Sunday, February 21, 2010

Sinn Fein jumped through DUP’s hoops and fell short

Sinn Fein jumped through DUP’s hoops and fell short

The long-awaited Hillsborough Agreement is a sham with grave consequences for the
nationalist community, says Chris Donnelly, a former Sinn Fein council candidate.

Belfast Telegraph

Two weeks ago, the DUP stood isolated, cornered by circumstances and by the
party’s failure to abide by its obligations in the eyes of the governing consensus
throughout these islands and beyond.

The cracks in the one-time solid DUP edifice weren’t long in appearing as the
leadership stood poised to pay the price for its enduring failure to educate its
membership and community base about the pains of compromise at Stormont.

Alas, agreement was reached and the elbow-worn podiums wheeled out to prop up the
by now very weary prime ministers.

Amid the smiles and laughter, there was even the promise of a new beginning; a
hint that, this time, the deal would survive.

I’m afraid I don’t buy it. This deal’s a pup, a sham which would more

appropriately have been agreed at Scarva.

Within minutes of publicly endorsing the ‘deal’, DUP leader Peter Robinson was
boasting of his clever device to pull the shutters down if he didn’t get what he
wanted over parading. How’s that for a new commitment to partnership?

As each of the firmly-set deadlines approaches, we can expect sabre-rattling and
late night negotiation.

The Hillsborough deal has ensured that the DUP can effect the downfall of the
Stormont administration on more favorable terms if republicans do not concede
critical ground on the parading dispute.

The decision by Sinn Fein to agree to a rigid timeline over parading has elevated
the issue in a manner which has unnerved many within the nationalist community.

It is discussed in terms which ask plenty of nationalists, but nothing of
unionists regarding developing an equal society based on trust, tolerance and

Nationalist communities continue to suffer due to the inability of the leaders of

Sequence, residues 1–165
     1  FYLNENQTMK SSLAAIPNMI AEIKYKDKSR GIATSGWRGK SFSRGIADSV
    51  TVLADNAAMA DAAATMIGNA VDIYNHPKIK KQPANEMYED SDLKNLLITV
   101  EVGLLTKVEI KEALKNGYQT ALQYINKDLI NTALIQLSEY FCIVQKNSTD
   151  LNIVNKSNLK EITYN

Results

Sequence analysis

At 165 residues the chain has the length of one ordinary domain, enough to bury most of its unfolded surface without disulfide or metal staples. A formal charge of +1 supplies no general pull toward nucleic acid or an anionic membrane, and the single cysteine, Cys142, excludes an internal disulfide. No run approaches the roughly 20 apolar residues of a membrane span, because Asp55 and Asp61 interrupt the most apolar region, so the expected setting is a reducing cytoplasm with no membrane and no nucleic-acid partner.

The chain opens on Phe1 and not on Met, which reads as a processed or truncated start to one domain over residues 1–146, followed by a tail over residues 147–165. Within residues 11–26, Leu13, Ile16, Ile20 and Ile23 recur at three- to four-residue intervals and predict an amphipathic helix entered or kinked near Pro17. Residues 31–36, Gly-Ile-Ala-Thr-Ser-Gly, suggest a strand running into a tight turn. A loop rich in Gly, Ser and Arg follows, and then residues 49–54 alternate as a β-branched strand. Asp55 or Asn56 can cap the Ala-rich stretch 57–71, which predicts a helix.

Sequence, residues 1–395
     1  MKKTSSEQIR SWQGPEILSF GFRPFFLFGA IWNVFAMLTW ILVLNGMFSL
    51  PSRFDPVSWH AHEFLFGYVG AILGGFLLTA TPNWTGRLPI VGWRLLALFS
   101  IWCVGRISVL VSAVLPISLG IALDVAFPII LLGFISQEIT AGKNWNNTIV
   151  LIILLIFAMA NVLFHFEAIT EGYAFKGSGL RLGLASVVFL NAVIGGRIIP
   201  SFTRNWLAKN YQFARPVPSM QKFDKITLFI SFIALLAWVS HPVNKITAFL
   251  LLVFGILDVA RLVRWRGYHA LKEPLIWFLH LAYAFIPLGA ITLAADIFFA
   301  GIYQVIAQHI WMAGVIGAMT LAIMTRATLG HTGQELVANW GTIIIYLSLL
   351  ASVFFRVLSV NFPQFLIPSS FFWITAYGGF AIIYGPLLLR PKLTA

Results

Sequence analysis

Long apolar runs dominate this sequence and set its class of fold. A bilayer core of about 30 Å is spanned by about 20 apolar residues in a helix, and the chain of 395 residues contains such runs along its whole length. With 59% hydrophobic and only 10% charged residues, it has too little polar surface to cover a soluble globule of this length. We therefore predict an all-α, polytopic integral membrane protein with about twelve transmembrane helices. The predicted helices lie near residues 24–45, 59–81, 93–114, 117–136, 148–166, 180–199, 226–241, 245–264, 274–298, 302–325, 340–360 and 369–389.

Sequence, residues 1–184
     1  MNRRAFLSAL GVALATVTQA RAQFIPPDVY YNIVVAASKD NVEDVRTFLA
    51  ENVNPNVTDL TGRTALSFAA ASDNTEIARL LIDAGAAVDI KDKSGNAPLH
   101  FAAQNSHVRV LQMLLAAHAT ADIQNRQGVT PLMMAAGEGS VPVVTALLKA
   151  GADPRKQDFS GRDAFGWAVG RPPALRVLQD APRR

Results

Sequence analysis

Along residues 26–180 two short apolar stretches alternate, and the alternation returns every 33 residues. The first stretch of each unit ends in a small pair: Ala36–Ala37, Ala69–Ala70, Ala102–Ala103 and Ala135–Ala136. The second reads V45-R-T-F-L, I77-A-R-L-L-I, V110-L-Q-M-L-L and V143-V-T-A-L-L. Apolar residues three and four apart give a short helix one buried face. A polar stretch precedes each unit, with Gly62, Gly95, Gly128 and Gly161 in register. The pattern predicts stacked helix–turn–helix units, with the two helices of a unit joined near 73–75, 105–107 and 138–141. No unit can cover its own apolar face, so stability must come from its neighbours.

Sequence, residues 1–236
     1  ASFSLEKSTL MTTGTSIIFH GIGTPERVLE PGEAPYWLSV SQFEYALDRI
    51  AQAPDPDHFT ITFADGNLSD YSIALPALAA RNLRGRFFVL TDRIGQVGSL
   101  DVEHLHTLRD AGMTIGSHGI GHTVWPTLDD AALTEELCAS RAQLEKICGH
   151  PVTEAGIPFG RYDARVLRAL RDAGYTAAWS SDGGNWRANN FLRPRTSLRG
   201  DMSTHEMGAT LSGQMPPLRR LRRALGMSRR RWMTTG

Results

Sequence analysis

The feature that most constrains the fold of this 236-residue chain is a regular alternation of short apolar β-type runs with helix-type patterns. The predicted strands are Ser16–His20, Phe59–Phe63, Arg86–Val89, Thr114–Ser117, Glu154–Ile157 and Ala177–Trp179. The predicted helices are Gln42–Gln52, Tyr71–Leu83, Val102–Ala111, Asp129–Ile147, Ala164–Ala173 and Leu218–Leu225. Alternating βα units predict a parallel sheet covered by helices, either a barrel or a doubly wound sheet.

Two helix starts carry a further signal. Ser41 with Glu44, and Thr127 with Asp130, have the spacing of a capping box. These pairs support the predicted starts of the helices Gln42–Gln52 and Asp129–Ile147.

nationalism/republicanism to alter the parameters within which the parades issue
is discussed.

Those parameters decisively favor the Loyal Orders — and, by extension, the
unionist political leadership — as the ideal compromise becomes one in which the
unionist ‘quid’ of entering into negotiations with residents is deserving of a
reciprocal ‘quo’ in the form of an unhindered parade.

Sinn Fein repeatedly jumped through DUP hoops in the vain hope of obtaining the elusive prize of the devolved policing and justice ministry it failed to nail down at St Andrews — a shortcoming which itself illustrated that republicans need some fresh, legally literate pairs of eyes around the top table.

Imagine were republicans to insist that discussions on parading only take place in
the context of dealing with how either community embraces political and cultural
expressions of the ‘other’ side.

Think what republicans could bring to that table regarding the display of the
Irish tricolor — not to mention localized solutions involving reciprocal parading
through loyalist communities.

Once DUP representatives realized that the price for pursuing a parade through the
Crumlin Road interface would be having to sell a republican parade through
Ballysillan, the present ‘parades-or-bust’ strategy would be shelved.

The republican mantra of seeking dialogue as the panacea for all parading ills is
idealistic claptrap exposing a failure to adapt tactics which has seen nationalist
communities outmaneuvered in areas like Ardoyne, Rasharkin and Springfield,
provoking considerable local discontent, something which people living on the
Garvaghy and Ormeau Roads are acutely aware of.

For the sake of the entire community, republicans need to jettison the tired
rhetoric of talking and walking as it merely plays into the hands of the Loyal
Orders and a Parades Commission, which has shown itself to be sympathetic to the
walk for talk solution.

A resolution to parading is predicated on the acceptance that mutual respect
entails being prepared to do precisely what we ask of others. Posing that
challenge to the political leaders of unionism is the key to moving the discussion
out of unionism’s comfort zone.


The people in Nationalist areas such as Dunloy, Rasharkin, Lower Ormeau, Garvaghy
Road, Ardoyne and others where these contentious parades take place each year are
not in favor of the Hillsborough Agreement. The SDLP has denounced it as a sham as
has the UUP. It seems that the only ones in favor are the two parties in Stormont
who agreed to it, the British and Irish governments both of whom want to wash
their hands of it, and the usual cadre of American politicians who have an
insatiable need to be involved in Irish issues especially in the run-up to St.
Patrick’s Day.

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